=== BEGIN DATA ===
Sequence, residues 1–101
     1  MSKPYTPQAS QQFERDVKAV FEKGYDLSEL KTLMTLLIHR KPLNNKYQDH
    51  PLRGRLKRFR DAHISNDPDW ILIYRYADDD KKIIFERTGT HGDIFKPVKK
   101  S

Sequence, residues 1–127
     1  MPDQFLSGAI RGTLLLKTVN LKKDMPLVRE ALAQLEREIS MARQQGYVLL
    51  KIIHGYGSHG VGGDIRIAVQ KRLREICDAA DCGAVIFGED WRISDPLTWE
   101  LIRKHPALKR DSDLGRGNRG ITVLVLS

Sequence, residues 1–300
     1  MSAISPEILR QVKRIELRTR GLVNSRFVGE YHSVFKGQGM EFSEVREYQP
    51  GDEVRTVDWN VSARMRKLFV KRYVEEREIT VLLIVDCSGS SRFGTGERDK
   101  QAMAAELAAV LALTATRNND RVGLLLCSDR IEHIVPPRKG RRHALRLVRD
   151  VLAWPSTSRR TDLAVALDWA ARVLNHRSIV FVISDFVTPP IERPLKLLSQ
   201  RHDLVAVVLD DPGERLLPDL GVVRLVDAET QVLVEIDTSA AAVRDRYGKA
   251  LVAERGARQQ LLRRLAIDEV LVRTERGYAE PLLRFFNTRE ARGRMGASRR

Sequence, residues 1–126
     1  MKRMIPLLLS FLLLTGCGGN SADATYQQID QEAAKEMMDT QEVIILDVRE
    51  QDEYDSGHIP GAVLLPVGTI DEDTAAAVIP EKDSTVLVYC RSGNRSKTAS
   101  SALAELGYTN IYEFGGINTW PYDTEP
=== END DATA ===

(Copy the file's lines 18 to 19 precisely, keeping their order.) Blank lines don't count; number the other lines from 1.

    51  QDEYDSGHIP GAVLLPVGTI DEDTAAAVIP EKDSTVLVYC RSGNRSKTAS
   101  SALAELGYTN IYEFGGINTW PYDTEP